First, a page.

Successful adoption of virtual try-ons could be a catalyst for the emerging virtual fashion space
Meta – the rechristened parent company of Facebook – is using AR to improve advertising conversion for its retail partners. In 2021, the tech giant partnered with try-on companies ModiFace (acquired by L’Oreal) and Perfect Corp to offer AR try-on for beauty products in its Instagram Shops. Snap’s AR strategy is tightly interwoven with its plans to enable social shopping on its mobile platform. In 2021, Snap acquired Vertebrae, a start-up using AR to create 3D visualizations of products, to improve its on-platform AR capabilities. More recently, in April 2022, Snap released its Dress Up feature, which allows users to try outfits on over their full body.
In April 2022, Meta acquired PreSize, a start-up using smartphone cameras to measure customers’ bodies and help them determine how clothing will fit. While not an AR company per se, the start-up’s technology could set the foundation for Meta to develop full-body AR try-on to compete with Snap.
Improving customer experiences
Augmented reality is also being applied in stores as in-person shopping makes a comeback. In-store AR can increase sales and improve the customer experience of trying out clothes or beauty products in an efficient, hygienic way. In June 2022, Walmart acquired its virtual try-on partner Memomi, a start-up that provides a suite of AR solutions including in-store mirrors that customers can use to try on beauty products, eyewear, clothes, and more. Similarly, Estée Lauder has adopted in-store AR for virtual try-on. The beauty company saw sales increase after piloting Perfect Corp’s try-on mirrors in a UK store. Estée Lauder now uses over 8,000 of Perfect Corp’s try-on devices across stores globally.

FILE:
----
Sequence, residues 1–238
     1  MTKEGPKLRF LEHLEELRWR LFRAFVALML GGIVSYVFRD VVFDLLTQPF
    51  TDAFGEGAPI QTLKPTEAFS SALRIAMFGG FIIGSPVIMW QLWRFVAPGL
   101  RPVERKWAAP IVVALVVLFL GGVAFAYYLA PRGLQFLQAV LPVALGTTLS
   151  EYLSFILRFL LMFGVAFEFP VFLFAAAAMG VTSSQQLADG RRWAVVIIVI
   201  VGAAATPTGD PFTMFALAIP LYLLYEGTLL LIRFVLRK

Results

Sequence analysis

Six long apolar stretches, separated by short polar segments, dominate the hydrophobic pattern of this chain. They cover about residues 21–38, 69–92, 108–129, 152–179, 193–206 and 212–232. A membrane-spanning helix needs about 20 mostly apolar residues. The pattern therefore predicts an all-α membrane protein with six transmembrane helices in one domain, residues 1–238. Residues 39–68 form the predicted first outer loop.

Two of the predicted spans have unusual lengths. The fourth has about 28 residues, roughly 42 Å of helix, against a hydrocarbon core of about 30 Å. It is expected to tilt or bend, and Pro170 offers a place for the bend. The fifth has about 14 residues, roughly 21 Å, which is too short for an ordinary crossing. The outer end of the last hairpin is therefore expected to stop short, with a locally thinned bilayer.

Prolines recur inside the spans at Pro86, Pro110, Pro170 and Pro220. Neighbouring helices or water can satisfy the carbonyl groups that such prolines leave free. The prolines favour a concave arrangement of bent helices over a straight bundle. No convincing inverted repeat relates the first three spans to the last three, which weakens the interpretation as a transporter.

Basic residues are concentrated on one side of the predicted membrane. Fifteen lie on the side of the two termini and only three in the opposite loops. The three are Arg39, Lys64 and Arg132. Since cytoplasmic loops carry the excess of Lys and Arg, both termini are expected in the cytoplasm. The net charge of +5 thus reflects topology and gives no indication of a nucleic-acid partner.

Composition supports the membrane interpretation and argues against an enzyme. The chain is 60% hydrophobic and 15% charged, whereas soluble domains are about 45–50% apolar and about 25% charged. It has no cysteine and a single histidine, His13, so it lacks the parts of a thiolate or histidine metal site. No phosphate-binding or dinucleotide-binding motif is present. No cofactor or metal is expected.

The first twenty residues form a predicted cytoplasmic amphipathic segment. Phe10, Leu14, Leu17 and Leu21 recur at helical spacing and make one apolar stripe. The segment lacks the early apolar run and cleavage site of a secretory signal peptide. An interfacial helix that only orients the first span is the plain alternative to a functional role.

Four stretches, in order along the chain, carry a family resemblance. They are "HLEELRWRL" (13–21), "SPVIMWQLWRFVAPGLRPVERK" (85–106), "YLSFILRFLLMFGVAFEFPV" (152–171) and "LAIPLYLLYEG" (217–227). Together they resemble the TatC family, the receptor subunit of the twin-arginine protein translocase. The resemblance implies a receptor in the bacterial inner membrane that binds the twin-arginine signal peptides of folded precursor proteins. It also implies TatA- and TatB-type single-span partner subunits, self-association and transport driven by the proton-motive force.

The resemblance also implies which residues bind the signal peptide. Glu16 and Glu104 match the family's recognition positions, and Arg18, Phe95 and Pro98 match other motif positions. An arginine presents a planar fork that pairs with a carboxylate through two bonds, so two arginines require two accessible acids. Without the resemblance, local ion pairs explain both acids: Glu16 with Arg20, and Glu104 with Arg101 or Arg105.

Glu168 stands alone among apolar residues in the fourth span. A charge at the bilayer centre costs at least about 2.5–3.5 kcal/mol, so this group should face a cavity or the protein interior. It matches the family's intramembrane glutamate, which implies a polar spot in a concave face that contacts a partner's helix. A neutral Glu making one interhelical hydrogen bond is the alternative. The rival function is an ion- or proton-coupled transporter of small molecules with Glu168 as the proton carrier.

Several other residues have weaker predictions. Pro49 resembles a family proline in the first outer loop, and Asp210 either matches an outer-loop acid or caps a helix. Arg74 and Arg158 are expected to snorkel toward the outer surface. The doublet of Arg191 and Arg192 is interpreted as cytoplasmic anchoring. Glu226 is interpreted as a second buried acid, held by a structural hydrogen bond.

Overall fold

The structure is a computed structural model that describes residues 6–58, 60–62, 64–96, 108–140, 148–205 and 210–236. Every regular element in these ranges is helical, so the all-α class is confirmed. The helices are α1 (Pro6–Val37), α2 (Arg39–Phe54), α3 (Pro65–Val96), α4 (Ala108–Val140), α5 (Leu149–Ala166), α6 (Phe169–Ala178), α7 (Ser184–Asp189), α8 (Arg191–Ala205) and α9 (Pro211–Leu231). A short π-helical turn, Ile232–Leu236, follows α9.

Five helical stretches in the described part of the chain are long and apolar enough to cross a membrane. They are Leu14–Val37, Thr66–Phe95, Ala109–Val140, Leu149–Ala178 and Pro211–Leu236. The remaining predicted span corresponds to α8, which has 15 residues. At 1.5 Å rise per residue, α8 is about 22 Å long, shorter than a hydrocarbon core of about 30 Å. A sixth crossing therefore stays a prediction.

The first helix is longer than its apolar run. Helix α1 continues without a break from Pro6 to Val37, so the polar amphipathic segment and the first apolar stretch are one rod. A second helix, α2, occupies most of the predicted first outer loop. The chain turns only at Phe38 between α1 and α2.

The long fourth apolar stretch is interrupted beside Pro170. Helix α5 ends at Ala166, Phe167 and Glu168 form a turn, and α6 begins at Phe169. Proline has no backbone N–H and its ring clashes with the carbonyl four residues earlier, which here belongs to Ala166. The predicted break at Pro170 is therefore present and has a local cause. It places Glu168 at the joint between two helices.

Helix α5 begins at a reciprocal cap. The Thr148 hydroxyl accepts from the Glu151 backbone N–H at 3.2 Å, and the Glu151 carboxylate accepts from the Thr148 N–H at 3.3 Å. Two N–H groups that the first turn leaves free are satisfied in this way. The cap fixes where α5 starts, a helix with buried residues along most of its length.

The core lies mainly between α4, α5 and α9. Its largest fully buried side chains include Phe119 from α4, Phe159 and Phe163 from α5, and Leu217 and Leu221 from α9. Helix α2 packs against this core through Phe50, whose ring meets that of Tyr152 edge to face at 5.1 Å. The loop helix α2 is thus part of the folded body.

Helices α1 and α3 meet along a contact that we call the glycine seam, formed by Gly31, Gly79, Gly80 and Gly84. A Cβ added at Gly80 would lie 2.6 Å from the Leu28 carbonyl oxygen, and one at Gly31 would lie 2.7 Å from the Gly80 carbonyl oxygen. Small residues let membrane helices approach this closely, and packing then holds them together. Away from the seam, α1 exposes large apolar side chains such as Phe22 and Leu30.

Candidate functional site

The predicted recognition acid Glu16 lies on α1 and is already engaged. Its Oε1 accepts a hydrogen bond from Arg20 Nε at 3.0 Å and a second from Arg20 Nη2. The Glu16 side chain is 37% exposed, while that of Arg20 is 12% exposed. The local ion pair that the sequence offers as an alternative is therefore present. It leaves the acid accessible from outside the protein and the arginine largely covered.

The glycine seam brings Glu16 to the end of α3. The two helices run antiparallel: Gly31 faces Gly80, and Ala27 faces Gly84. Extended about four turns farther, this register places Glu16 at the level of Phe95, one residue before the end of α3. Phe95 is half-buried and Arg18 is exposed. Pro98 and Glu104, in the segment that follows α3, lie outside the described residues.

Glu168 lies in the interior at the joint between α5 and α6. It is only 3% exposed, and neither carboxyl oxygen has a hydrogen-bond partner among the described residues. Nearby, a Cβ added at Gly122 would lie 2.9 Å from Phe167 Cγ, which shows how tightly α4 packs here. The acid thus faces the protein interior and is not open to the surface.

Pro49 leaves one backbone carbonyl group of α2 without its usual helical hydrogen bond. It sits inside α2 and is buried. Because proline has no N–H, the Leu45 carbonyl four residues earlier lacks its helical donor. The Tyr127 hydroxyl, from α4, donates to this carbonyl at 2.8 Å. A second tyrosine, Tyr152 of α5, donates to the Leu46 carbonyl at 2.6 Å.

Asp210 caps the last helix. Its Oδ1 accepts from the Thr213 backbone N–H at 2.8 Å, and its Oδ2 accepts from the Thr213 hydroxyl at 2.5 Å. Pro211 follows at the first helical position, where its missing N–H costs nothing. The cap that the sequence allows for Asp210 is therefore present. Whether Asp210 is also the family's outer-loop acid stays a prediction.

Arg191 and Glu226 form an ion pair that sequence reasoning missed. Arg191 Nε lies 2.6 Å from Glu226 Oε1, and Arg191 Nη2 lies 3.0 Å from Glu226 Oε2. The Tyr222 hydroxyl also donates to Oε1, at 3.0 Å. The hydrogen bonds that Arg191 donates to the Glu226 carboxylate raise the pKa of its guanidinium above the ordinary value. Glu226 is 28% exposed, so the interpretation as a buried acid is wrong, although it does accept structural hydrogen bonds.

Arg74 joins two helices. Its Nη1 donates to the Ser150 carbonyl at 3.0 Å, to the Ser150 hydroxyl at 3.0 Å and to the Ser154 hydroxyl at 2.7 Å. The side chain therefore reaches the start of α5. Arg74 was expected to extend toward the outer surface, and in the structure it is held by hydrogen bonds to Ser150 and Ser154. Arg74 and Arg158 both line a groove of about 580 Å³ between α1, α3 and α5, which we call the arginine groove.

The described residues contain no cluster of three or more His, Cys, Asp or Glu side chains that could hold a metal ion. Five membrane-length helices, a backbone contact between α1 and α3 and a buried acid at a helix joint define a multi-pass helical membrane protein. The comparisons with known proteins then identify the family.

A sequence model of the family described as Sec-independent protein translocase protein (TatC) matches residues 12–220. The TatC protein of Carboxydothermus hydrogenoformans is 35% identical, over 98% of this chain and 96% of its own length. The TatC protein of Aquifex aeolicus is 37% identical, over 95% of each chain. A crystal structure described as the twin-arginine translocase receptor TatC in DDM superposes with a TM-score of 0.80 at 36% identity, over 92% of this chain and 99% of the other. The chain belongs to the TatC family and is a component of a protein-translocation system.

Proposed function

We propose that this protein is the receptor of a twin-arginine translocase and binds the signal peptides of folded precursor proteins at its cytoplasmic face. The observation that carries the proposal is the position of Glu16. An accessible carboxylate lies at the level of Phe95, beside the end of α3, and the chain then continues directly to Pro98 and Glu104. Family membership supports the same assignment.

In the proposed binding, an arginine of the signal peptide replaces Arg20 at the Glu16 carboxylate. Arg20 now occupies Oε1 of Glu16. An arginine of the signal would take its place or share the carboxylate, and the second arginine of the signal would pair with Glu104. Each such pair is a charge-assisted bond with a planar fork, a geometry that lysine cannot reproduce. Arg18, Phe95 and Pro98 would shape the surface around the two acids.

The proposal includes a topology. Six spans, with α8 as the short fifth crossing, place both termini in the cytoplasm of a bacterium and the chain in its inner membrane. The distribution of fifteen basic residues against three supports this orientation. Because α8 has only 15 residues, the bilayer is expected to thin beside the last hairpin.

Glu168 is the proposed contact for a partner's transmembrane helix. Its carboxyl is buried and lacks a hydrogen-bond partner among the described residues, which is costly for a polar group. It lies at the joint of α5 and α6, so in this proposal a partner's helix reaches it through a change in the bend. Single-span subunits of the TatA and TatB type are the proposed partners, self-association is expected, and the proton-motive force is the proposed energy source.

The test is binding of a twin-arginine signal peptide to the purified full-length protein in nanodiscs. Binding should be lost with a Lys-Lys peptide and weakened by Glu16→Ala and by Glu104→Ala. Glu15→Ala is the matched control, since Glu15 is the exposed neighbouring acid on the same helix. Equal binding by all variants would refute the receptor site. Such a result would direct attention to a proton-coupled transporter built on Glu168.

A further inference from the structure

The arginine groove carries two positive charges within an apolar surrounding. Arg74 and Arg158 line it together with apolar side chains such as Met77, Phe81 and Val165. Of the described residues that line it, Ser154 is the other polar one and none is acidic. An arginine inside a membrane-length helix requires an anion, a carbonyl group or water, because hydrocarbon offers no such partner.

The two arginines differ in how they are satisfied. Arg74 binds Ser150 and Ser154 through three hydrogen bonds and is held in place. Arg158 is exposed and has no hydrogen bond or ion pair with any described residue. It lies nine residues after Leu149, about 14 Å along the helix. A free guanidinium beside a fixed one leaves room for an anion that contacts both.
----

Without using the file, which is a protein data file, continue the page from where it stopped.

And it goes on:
Simulating Ikea décor at home
Retailers outside of fashion are also adopting AR technology. In January 2022, Avataar raised a $45M Series B from Sequoia Capital India and Tiger Global Management to develop a platform retailers can use to let consumers view how products like furniture will look in their homes. Ikea launched an AR app where potential buyers can imagine how Ikea décor will look in their home.
Successful adoption of virtual try-ons could be a catalyst for the emerging virtual fashion space, which refers to outfits designed for avatars or outfits users can only “wear” via AR filters. For example, Brand New Vision and DressX recently raised seed rounds to support their NFT-based fashion items, while in December 2021, Nike acquired RTFKT, a start-up developing NFT collectibles of sneakers. All 3 of these companies offer AR filters where collectors can show off virtual outfits, ranging from relatively regular-looking jackets to sci-fi-inspired dresses that would be impossible to manufacture in the physical world.
The intense activity in the AR/VR space underscores big tech’s belief that AR will shape the future of digital experiences. However, it is too early to tell who will emerge as the clear winner among development platforms, especially when start-ups and tech companies alike have so far struggled with developing mainstream AR devices and experiences.
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